Qualities of a Good Water Polo Goalkeeper

A good goalkeeper is an integral part of any water polo team. While a field player may not score for an entire game, there is no doubt that a goalkeeper will have to block a shot. Their skill in the cage as well as their ability to direct their teammates makes them one of a team’s most valuable assets. Along with a great deal of responsibility, playing in the goal also requires serious physical effort. This guide outlines the physical and mental qualities of excellent water polo goalkeepers.

Physical Qualities of a Good Goalkeeper

Just because they don’t swim back and forth as much as field players does not mean water polo goalkeepers have an easier job. The skills and endurance required for their position are just as physically demanding as those of the other players in the water. They need incredible leg strength, fast reflexes, a good freestyle sprint, and the ability to throw long, accurate passes.

Reaction Time

Fast-twitch muscles — the muscle fibers that generate short bursts of energy — are important for any goalkeeper. Having a good reaction time can make the difference between a block and a goal. Some people are genetically gifted with quick reaction times, while others develop them through reaction drills. Either way, goalkeepers will be responsible for getting their arms in front of balls that travel at very high speeds.

Goalkeepers should also develop a fast freestyle sprint for swimming deflected balls away from the opposing team. These sprints are usually short, but necessary.

High Pain Tolerance

Playing goalkeeper is, in essence, asking to be part of target practice. Goalkeepers must put fear of the ball aside, and be ready to block shots regardless of pain on impact. Calluses will develop and the pain of blocks will dull eventually, but the simple fact is that the goalkeeper’s job is to get in the way of hard shots.

Strong Legs

Goalkeepers depend on their eggbeater even more than field players. They need to be able tread high out of the water while keeping their arms up and ready to block shots. If there are several shots taken on goal in quick succession, it can be quite a strain on the legs. Many goalkeeper drills involve treading with weights, or doing explosive bursts out of the water over and over.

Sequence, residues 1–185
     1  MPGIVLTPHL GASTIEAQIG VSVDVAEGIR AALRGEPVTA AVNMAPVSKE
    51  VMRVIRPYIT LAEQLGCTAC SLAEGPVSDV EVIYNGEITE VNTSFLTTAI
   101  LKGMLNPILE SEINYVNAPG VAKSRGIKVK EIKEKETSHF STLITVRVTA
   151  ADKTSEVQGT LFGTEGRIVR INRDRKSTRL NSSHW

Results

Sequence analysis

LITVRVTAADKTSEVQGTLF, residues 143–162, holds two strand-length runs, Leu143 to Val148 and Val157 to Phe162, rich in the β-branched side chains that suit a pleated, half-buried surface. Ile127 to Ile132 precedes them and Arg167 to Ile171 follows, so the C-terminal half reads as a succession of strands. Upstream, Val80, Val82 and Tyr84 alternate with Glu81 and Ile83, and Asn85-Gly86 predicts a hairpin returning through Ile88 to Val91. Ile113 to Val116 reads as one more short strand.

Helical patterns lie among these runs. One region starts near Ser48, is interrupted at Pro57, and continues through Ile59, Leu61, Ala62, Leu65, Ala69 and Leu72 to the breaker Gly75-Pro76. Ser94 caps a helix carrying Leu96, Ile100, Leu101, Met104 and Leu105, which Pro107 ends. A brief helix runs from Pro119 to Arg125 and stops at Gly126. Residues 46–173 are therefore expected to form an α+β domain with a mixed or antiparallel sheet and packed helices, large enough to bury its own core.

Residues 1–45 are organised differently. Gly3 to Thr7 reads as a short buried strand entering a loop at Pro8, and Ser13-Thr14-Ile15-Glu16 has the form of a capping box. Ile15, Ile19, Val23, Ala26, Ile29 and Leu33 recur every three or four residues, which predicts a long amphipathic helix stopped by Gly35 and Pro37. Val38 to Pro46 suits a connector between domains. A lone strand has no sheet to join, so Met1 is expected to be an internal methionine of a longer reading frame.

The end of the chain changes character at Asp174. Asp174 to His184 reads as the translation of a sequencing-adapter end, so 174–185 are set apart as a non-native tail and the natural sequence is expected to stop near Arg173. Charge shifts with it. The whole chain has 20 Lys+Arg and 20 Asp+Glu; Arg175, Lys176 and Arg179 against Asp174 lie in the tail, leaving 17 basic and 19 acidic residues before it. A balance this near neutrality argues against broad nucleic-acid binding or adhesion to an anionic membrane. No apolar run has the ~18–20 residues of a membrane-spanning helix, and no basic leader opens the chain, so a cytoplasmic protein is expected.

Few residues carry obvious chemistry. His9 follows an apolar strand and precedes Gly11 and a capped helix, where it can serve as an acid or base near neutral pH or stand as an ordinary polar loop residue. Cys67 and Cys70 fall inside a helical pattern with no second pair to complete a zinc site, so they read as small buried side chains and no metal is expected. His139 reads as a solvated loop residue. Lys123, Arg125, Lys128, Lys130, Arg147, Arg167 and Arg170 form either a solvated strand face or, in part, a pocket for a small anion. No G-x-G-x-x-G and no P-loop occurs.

A Good Arm

Goalkeepers also need the ability to make long, accurate passes. In many counterattacks, the goalkeeper’s responsibility is to make the best possible pass to one of the field players sprinting down the pool. The goalkeeper needs some power behind the pass, as well as excellent aim to get the ball to the field players by the time they are open.

Mental Qualities of a Good Goalkeeper

As the last line of defense and an undisputed leader in the water, the goalkeeper is a pillar of the team. Being a goalkeeper requires not just physical strength, but mental toughness as well. Goalkeepers are at once a cheerleader, strategist, coach, and game announcer. A large part of their role is evaluating the game and directing players on defense, but they also need to keep the team motivated (and stay positive themselves).

 Strong goalkeepers win games.

Robert Horn, UCLA, 1988


Because of their unique position, goalkeepers can see the field as a whole, and therefore are expected to communicate things like when the ball has been turned over and when man-up situations occur. While their team is on defense, they also need to act as the eyes and the ears of the players who cannot see everything that is going on. Directing the defense from the cage keeps the team working together to close any gaps and provide the strongest possible coverage.


Even during the most agonizing games, a goalkeeper should help rally his or her team, but must also turn off the negative voices in their own heads. It can be easy to get demoralized if on the losing side of a high-scoring game, but giving up should never be an option. It is hard for the field players to give a game their best effort if they know their goalkeeper is no longer trying.

Ability to See the Game as a Whole

There is a lot for a goalkeeper to keep track of when their team is on defense. Not only are they always keeping one eye on the ball, but they are also watching for plays run by the offense, directing their teammates to fill gaps in coverage, and looking for opportunities to steal the ball for a turnover. It is easy to get sucked into just one of these aspects, but the best goalkeepers have an intimate understanding of the game, and the ability to predict what will happen next.

The Importance of Goalkeepers

Not every player is cut out to be a water polo goalkeeper. The position requires a dedicated athlete who can work hard, communicate effectively with their team, and stay positive in challenging situations. The best goalkeepers are also willing to spend lots of time alone, working on skills the rest of the team doesn’t need to develop. While many aspects of the goalkeeper’s role seem thankless and tough, it’s hard to express how important their role is for a team’s organization, motivation, and teamwork.

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